Updated May 4, 2023
It may not be something we are all comfortable talking about, but gas happens. Most of us are used to this experience based on the foods we eat, but if you are using a CPAP machine to treat sleep apnea, you may be getting a gassy belly from another source — the machine itself.
Aerophagia & CPAP
Experiencing minimal aerophagia while using CPAP is normal. It can also happen to people who do not use a CPAP, so there is no need to panic if you notice it sporadically. However, you can request assistance if it is happening frequently. Since the CPAP machine works its magic by basically forcing you to breathe when you sleep, the air is not always all going into your trachea. There is a chance some of the air from your CPAP could be forced into your esophagus, which can make you swallow air. The scientific name for this occurrence is aerophagia.
When your CPAP machine is in use, the air forced into your throat is keeping your airway open by pushing aside soft tissue such as the soft palate in the upper throat. The trachea is the entrance to the lungs, where the forced air is meant to go, however, the esophagus is located very close to the trachea. If some of the air meant for your lungs is diverted toward your stomach, you experience aerophagia.
You may recognize aerophagia by such symptoms as bloating, burping, stomach pain and even passing gas. Most who experience aerophagia notice increased comfort as the gas is passed in the first hours of the day, but some become quite irritated by the symptoms. The fortunate thing is that there is little risk of permanent damage to the body.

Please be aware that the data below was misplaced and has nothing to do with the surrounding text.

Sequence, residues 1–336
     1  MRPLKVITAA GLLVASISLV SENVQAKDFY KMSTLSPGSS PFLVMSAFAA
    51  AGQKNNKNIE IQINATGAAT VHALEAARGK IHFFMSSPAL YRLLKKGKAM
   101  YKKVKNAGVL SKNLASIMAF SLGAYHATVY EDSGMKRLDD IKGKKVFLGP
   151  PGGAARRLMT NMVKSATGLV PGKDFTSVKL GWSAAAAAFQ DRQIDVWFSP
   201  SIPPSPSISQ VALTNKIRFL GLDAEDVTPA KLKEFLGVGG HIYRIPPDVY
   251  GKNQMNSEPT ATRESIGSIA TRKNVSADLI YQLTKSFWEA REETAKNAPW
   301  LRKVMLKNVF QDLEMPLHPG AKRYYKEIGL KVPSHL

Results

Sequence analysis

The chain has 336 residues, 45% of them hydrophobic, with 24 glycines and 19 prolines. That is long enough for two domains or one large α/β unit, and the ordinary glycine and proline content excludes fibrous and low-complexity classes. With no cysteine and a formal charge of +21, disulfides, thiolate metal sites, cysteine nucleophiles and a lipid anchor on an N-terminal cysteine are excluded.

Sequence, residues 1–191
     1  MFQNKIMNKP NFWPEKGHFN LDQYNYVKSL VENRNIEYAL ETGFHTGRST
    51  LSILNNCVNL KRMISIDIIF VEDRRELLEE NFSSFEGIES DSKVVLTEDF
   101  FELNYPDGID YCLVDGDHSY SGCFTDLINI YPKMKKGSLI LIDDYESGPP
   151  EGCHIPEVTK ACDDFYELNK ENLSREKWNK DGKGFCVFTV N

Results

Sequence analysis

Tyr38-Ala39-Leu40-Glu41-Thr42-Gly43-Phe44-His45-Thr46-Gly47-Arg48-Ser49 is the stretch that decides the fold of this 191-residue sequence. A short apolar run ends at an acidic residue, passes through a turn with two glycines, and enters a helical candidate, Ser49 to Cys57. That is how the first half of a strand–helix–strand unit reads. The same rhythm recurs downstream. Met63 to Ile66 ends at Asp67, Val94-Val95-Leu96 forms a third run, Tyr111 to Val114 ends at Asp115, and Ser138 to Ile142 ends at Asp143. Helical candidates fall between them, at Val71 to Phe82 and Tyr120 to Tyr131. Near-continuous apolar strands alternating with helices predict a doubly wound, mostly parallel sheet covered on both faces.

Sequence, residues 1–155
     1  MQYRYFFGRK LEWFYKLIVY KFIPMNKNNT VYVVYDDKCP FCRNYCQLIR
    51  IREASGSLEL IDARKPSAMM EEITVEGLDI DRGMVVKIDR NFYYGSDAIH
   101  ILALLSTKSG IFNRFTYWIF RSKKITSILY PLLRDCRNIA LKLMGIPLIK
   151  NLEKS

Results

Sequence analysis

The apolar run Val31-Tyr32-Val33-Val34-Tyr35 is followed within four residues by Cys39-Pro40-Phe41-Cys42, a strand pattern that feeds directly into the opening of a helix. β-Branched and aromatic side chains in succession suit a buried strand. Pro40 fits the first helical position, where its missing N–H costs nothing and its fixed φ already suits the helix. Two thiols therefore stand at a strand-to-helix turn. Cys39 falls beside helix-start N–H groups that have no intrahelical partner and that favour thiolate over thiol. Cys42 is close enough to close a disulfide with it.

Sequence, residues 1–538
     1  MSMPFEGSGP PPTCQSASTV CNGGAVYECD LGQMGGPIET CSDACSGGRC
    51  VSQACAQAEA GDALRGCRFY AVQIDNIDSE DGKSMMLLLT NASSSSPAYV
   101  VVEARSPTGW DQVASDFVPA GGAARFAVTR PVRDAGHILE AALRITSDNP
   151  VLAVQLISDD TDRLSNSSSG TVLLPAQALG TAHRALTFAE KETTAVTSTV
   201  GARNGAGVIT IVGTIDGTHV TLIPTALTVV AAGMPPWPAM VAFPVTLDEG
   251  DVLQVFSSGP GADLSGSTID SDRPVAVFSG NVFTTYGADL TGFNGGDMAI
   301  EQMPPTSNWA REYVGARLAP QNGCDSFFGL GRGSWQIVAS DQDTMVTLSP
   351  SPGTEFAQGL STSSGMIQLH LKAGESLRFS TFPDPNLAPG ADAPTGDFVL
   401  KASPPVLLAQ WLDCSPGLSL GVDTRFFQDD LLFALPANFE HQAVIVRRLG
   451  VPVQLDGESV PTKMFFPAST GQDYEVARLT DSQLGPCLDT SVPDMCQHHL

Reducing the Effects of Swallowing Air
There are some things that can be done to reduce the effects of aerophagia. One common cause of swallowing air with CPAP is that the machine may be set too high. If you think this is the case, feel free to request a pulse oximetry test from your doctor. They will get in touch with your DME provider to schedule a test. This will give you an indication if your pressure is set too high and if it is lowered, you may notice you swallow less air.
Another common contributor to aerophagia is your sleeping position. Sleeping at an incline may relieve a couple of common discomforts, from air swallowing to heartburn. This may be the thing you need to ease your sleeping problems with your CPAP machine.
If you find yourself identifying with this common CPAP side effect the best thing to do is to start by talking with your sleep doctor to assess the best way to tackle air swallowing. Remember — it will get better!